I turned right on the 16 out of Sackville and got to the Confederation Bridge that afternoon. A shuttle bus over the 13K bridge and I was on PEI, Anne of Green gables country. I biked past the McCain factory and past old churches set along the quite two lane highway, stopped at a convenience store at the lip of some small town and got apples and candy. Long after dark I got into Charlottetown, locked the bike and climbed a Wal-Mart roof to sleep the night. Someone came up early in the morning, didn’t see me, and I ran between the vents and intakes down to a lower level of roof and jumped down to a loading area at the back of the store. That was a quiet day. It was nice to be alone for a while, to think. I walked up and down some streets, shops labelled Anne’s this and Anne’s that, and stopped in book stores.

That night I was in a coffee shop. Strange towns are great in the day, but at night when it becomes dark they can be very sad if you’re alone and sleeping on roof-tops. I talked to the girl working, glad that her name wasn’t Anne. They were closing up soon.

Have you heard of couch surfing?” She asked. She was late twenties maybe, dark hair tied back.


It’s cool, its a club of people that take in backpackers on their way through a place. You post note on the net saying when you’re coming through, someone sees it and maybe tells you to come stay with them for the night. It’ s a good way to meet people, go party for the night. You should try it.”

It’s a little late tonight.”

Yeah… Sometime you should try it though, if you’re into this stuff.”

There was no one in the store. She had turned the closed sign. I looked down into the empty mug.

What about you? Could I just crash on your couch tonight?”. Please, I though to myself

She was cashing out, the change was slamming and clinking in the register trays as she counted. She was quiet.

I still have to do some stuff here. There’s a bar up the street-” She said the name “-I can meet you if you if you want. Half hour or so.”

Her name was Nisha, and she lived on the whole second-floor of an ancient square-built wooden thing that could have had a typical old corner store, or an art studio on its ground level. There was a long staircase where I put my bike, and mustard-yellow interior walls . We stayed up watching vintage sci-fi, eating popcorn, and after midnight I fell asleep on the couch and she actually threw a blanket on me before going to her room.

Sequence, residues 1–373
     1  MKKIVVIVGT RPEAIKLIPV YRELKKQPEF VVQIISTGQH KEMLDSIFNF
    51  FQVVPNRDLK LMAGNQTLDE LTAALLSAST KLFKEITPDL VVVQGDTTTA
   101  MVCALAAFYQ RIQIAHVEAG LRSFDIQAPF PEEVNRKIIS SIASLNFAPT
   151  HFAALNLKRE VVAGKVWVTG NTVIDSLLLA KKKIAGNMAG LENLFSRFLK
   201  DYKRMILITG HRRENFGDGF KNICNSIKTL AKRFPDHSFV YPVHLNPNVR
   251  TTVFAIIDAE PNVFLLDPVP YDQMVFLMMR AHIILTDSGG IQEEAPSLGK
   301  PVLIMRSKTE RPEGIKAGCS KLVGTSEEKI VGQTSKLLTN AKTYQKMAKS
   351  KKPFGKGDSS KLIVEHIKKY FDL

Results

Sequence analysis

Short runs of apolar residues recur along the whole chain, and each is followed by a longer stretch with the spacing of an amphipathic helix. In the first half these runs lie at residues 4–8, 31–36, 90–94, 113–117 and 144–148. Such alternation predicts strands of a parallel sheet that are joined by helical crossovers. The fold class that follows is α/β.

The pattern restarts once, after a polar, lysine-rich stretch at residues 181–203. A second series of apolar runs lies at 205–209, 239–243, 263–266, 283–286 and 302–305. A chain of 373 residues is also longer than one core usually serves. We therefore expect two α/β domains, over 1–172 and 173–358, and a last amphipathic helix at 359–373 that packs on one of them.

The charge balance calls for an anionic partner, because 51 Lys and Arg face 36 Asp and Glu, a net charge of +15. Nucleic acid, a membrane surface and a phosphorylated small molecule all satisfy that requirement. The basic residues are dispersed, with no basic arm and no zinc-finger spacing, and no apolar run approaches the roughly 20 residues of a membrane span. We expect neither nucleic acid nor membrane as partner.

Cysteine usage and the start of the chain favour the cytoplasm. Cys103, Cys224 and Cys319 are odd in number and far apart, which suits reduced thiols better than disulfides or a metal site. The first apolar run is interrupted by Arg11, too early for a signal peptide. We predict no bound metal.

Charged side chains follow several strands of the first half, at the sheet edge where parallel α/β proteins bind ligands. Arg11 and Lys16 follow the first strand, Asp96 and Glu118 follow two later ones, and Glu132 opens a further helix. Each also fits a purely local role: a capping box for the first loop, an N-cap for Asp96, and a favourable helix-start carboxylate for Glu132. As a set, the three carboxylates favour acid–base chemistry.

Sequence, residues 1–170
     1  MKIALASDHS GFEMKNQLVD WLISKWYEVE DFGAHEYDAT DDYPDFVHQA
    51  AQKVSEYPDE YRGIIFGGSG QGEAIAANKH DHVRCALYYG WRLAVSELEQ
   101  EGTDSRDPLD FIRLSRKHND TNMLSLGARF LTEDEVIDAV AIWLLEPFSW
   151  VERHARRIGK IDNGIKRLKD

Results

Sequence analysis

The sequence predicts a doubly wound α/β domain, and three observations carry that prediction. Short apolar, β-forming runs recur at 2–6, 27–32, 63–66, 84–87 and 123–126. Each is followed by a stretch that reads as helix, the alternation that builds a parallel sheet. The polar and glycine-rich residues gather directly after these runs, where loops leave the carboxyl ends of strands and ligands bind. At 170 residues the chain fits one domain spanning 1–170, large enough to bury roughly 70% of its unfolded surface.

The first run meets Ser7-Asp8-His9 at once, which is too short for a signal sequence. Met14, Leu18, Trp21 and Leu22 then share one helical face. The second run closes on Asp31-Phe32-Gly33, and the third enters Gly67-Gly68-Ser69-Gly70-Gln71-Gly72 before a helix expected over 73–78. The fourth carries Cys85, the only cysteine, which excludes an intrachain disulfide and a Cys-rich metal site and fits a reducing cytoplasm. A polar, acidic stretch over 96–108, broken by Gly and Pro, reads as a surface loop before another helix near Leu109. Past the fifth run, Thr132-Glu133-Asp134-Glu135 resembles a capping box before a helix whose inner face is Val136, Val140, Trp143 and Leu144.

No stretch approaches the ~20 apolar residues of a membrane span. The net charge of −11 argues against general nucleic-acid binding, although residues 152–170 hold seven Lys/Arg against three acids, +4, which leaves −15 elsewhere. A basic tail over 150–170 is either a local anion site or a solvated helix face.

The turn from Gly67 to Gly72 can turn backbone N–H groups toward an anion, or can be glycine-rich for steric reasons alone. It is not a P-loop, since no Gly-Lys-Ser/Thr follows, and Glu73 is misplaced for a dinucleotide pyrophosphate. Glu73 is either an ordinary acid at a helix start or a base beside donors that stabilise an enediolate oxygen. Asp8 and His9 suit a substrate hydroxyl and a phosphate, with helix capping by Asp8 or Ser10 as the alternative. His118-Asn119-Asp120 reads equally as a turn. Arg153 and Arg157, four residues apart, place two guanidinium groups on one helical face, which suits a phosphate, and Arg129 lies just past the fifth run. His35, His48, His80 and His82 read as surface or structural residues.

In the morning when I woke up she had gone to work already. There was a man in the kitchen. He had a white beard and could have been her dad.

I’m Glen, I’m Kate’s room-mate. Your were pretty tired last night.” He looked like a professor, and thin beard, glasses. A granola eater, the kind of guy who took LSD in the sixties and now has a PhD and bikes to his research job in a yellow MEC jacket and spandex all year round.

Help yourself to something. I got to go. She left you a note.”

I chewed milk and Cherios and read the yellow post-it note.

What a cool chick, I thought.

And that day i left Charlottetown, and it has kept a  warm spot in my memory.

December 4, 2010

Bike This

Works cited have links provided at the bottom of this page.

New bike-only lanes in Vancouver’s already congested city-scape has had citizens up in arms for nearly a year. While budget commuters are riding safer and greener than ever, the city’s motorists are insisting these barrier-separated portions of major streets are causing traffic-movement problems and a higher chance of car accidents due to changes in the infrastructure. And not only motorists may suffer, but small business owners as well, due to loss of parking spaces. Laura Jones, VP of the Canadian Federation of Independent Businesses in Western Canada stated in a press release “mayor and council think losing customers is no big deal. It is a big deal when your customers keep your business viable and your business supports your family and your employees.” [See link]. While this is an argument worth considering, Yvonne Bambrick a Toronto activist and avid bicycle commuter in a city that already benefits from existing bike lanes, points out as a guest poster on the Canadian blog Enviro Boys; “more people on bicycles means fewer people taking up precious road space in cars… Bike lanes add a greater level of predictability to our roads by showing more clearly where we can expect each transportation mode to be travelling.” [See link]. Regardless of the controversy, the mayor of Vancouver, Gregor Robertson is still moving ahead with plans to develop the greenest city in the world by 2020. “This plan is not just about having a healthy environment that keeps us all alive, it’s about the economy and the community. It’s about keeping things in balance,” he said during a presentation at the Gaining Ground-Resilient Cities conference at the Vancouver Convention Centre. [See link]. So while small-business owners and motor-commuters may suffer temporarily, a quick enquiry on the internet, or on the street, will go to show that the majority of people support the bike-lanes – and because of these lanes, more people are already cycling. With so many positives and a few temporary negatives, it is clear that bike lanes are the avenue to a greener future and a healthier lifestyle.

Works Cited:

By: [author name N/A]. September 8, 2010. Retrieved December 3, 2010.

By: Yvonne Bambrick. May 21, 2010. Retrieved December 3, 2010.

By:Gerry Bellett. October 20th 2009. Retrieved December 3, 2010.